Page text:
The kitchen garden satisfies both requirements, a thing of beauty and a joy for dinner.”
-Peter Mayle: Encore Provence:
New Adventures in the South of France
Although not a thing of beauty or a joy for dinner, insect control was still high on the list the Saturday of Memorial Day weekend:
Volunteer on insect patrol with a pan of soapy water….
Prevailing east winds did not deter the harvest:
In spite of tomato pinworms:
The pinworm problem was previously addressed in a post from Fall 2018……..
Tomatoes in the research beds promised any number of delicious dinners for those lucky enough to sample the fruits of the weekday work party’s labor:
Roasted tomatoes, frozen in olive oil, are a mighty asset when the wolf is at the door…..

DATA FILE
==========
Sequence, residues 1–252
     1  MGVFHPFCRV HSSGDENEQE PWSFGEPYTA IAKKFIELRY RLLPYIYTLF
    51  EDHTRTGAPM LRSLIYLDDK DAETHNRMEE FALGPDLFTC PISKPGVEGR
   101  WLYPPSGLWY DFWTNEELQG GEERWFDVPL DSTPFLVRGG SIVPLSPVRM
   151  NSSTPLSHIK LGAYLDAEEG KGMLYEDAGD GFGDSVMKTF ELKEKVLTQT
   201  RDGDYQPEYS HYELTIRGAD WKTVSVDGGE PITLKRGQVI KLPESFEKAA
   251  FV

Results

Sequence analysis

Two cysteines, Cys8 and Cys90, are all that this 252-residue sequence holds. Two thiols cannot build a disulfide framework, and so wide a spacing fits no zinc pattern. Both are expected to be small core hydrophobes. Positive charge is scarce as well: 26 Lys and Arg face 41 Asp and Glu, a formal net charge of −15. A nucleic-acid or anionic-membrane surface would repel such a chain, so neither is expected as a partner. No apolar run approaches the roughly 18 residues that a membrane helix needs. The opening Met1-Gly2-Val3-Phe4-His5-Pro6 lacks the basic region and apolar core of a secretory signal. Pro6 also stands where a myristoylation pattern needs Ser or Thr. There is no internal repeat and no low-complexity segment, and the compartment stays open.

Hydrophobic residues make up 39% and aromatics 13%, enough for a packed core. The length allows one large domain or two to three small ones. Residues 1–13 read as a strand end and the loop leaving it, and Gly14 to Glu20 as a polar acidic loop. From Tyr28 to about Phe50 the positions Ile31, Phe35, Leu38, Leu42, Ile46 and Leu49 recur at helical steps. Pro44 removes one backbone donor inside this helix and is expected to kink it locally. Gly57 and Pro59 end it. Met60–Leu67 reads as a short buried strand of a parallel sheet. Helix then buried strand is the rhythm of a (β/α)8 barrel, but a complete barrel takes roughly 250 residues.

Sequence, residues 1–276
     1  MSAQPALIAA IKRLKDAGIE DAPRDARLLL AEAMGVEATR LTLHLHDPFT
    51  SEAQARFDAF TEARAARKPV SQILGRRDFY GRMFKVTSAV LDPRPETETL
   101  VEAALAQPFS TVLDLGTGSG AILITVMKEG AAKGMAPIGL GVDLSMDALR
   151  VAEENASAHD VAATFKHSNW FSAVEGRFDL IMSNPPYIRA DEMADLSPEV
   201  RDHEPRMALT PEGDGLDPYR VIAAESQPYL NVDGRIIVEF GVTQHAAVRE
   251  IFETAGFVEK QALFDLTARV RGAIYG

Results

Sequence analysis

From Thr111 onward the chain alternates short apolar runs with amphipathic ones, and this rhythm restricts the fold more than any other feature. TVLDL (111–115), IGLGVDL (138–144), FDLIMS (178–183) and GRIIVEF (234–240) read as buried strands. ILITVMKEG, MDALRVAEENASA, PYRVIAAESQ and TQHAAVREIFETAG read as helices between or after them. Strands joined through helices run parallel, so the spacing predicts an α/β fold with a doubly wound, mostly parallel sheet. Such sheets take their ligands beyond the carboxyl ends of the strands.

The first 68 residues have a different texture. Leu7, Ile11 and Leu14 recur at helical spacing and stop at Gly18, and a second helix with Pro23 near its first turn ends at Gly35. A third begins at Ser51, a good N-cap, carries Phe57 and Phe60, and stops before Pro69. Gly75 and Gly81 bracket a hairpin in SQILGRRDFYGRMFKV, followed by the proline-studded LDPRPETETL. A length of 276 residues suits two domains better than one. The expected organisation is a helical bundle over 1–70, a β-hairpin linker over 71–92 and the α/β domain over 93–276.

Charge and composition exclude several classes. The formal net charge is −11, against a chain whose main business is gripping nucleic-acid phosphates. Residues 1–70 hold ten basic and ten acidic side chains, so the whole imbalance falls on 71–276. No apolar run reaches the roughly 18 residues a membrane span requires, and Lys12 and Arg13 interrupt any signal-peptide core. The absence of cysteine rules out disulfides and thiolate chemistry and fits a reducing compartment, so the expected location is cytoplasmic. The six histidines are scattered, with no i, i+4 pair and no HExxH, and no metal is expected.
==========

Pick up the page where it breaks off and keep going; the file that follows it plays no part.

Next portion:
The small fry found reprieve from labor in the southside asparagus patch:
Truck not included……
And west side zinnas:
Last but not least, the yellow crookneck squash had reached a size that could not longer be ignored:
Blossoms of the errant fruit are amazing stuffed with goat cheese, battered and fried…..
Research ways to utilize different parts of plants in your home kitchen ………………
Anne Marie S.
I will be the gladdest thing
Under the sun!
I will touch a hundred flowers
And not pick one.
-Edna St. Vincent Millay, “Afternoon on a Hill”
Carpet Mix Petunias are not the ideal flower for a bouquet but they did benefit from deadheading on Saturday:
For information on other (purple – my favorite color) varieties of petunias please visit this AgriLife website Petunias.
Vegetables ready for harvest were in abundance. Tomatoes, zucchini, squash, Provider green beans and cucumbers were all eager for a visit to the kitchen:
In a casserole, blanched, roasted, sautéed or pickled, green beans can’t be beat for their nutritional power punch.
Tomatillos looked promising for a future batch of salsa verde:
Native to Mexico and Guatemala, tomatillos are also known as Cape Gooseberries.